¶26 By this statement, I take it that the majority concede that there are facts alleged in the challenge which would. be sufficient except for the fact, so my associates conclude, that there is no reasonable probability of proof of such alleged facts being made. I do not think we should take judicial knowledge that proof cannot be made of mistakes, errors, omissions, corrupt acts, or illegal counting in the face of positive allegations to the contrary. The effect of this conclusion on the part of the majority is to say that the presumption of regularity and correctness dispels the possibility of proof being made that such ballots were cast and that they were considered mutilated. If such were the facts and the election officials are honest, I think it would be a simple matter to make such proof.

¶27 On a hearing before the State Election Board, prior to the time it is required to determine whether or not a recount should be ordered in any county or precinct of the state, evidence would be required to support this general allegation as to all the precincts of the entire state. If this is done, the contestee will have all the evidence of the contestant supplied him by the witnesses in person, and thereafter, no doubt, have an opportunity, such as the circumstances may prescribe, to meet the issues.

¶28 The statute now in force is a great improvement in protecting the verity and sanctity of the ballot box over our foregoing statutes. Under the present statute no ballot box will be ordered opened and the ballots therein recounted except upon specific testimony of such convincing weight as to overcome the very strong presumptive verity that attends elections presided over by duly qualified and acting officers of the state.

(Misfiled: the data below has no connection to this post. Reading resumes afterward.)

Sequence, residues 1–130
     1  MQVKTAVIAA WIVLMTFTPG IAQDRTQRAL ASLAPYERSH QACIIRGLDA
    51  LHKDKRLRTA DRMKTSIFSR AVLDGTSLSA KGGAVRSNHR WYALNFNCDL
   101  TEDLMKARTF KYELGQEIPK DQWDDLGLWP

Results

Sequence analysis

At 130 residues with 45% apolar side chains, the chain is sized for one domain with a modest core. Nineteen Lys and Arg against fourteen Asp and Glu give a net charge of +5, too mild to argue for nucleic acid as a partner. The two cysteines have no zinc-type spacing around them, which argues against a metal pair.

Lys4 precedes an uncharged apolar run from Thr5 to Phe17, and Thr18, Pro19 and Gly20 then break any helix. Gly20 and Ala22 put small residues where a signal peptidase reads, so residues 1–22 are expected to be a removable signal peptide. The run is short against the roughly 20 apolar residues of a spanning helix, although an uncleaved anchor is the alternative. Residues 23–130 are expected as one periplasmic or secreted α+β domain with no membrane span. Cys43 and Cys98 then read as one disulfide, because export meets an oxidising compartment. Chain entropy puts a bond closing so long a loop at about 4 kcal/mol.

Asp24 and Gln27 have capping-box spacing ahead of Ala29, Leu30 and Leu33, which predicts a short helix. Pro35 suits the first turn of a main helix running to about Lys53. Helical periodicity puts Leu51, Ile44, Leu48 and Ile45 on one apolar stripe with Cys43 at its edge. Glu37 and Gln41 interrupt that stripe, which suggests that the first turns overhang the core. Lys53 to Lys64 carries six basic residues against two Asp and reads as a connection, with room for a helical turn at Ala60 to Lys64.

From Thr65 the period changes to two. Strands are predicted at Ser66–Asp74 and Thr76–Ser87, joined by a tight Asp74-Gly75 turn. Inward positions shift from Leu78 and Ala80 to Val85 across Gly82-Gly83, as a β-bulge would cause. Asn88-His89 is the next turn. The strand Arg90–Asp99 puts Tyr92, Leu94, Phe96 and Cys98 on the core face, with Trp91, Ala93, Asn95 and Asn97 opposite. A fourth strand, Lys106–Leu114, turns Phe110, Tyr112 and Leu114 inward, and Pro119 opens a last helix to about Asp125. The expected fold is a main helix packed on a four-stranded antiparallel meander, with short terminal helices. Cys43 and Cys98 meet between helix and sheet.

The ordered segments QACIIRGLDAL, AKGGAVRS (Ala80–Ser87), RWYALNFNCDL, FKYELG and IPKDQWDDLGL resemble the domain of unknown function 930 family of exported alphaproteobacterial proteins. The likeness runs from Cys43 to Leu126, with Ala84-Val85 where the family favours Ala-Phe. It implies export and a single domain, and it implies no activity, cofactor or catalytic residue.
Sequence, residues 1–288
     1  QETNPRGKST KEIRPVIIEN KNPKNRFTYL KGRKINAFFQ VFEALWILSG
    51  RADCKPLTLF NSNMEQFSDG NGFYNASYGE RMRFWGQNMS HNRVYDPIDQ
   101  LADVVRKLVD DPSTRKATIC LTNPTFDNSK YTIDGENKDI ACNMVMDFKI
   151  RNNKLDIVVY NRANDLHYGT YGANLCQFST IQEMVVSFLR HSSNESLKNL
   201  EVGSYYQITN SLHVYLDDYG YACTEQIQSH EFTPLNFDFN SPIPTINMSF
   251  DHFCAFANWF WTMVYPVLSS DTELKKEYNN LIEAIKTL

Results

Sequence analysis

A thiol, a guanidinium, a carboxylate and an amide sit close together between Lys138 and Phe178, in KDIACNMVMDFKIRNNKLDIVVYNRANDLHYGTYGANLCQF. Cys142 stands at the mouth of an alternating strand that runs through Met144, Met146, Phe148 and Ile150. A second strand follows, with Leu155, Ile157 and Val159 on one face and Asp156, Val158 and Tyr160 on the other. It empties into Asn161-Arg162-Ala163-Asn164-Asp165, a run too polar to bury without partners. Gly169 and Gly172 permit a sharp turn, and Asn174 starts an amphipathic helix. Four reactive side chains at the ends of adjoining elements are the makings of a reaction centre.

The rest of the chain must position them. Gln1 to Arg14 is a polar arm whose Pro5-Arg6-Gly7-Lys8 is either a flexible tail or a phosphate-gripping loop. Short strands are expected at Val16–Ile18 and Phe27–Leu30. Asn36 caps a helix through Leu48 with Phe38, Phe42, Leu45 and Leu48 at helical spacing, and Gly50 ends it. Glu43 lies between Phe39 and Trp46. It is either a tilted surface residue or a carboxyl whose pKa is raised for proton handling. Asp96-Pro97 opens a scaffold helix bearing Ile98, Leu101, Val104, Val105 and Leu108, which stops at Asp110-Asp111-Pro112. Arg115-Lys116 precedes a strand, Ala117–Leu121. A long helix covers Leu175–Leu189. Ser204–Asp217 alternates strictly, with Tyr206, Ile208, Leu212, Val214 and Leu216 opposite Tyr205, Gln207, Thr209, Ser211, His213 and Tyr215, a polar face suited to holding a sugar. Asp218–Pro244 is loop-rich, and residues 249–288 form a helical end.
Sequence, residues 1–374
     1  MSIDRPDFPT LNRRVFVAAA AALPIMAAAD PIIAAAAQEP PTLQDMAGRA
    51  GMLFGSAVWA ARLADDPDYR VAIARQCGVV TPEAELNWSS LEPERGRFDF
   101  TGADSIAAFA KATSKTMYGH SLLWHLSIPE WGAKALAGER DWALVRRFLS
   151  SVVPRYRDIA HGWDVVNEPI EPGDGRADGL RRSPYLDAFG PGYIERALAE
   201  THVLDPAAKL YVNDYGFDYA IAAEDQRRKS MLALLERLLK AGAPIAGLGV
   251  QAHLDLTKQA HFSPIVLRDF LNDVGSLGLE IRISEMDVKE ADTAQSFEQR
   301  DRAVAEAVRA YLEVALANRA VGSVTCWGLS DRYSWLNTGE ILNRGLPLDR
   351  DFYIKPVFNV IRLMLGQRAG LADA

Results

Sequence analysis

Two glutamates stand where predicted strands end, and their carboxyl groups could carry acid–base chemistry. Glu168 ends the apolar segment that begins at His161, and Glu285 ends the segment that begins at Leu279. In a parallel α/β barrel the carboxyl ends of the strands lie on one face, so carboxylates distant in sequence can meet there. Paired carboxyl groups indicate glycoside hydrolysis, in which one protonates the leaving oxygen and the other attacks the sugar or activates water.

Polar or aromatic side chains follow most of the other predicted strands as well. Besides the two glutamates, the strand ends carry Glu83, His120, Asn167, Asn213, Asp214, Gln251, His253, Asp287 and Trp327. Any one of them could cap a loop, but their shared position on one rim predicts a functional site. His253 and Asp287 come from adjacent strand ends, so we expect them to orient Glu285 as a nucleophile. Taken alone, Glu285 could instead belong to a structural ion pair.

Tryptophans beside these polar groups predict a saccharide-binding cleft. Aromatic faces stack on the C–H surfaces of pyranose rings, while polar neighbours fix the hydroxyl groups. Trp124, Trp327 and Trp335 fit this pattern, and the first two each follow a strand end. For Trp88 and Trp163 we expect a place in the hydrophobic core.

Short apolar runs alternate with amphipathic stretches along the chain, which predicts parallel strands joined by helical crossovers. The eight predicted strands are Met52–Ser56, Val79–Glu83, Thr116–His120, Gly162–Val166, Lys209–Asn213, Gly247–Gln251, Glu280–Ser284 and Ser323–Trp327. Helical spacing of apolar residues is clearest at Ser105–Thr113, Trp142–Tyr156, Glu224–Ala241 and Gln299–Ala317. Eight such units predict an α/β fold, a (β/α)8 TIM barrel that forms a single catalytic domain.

¶29 Though the petition in this case, in a large measure, amounts to nothing more than glittering generalities and conclusions, there are some statements of fact therein that, if proven, would show the contestant entitled to the office. But aside from the vitriolic arguments of counsel and the harsh and extravagant statements and allegations by political partisans, we have before us a question of vital public concern that should be dealt with in a straightforward, positive manner with the sole view of determining the real intention of the people, speaking through the Legislature. I am convinced that the Legislature, thus speaking, intended to provide for election contests and intended to provide a practical, adequate and workable system by which a recount could be accomplished without interference of the right of any individual. I think the Legislature has provided such a method and I do not think that strict rules of construction and pleading should be indulged, especially where, as here, to do so would prevent the will of the people and the Legislature from being carried into effect. An election contest, properly filed and diligently prosecuted, without unwarranted delay on the part of the parties thereto, will determine the rights of both the individual and the public before the time to take office has arrived.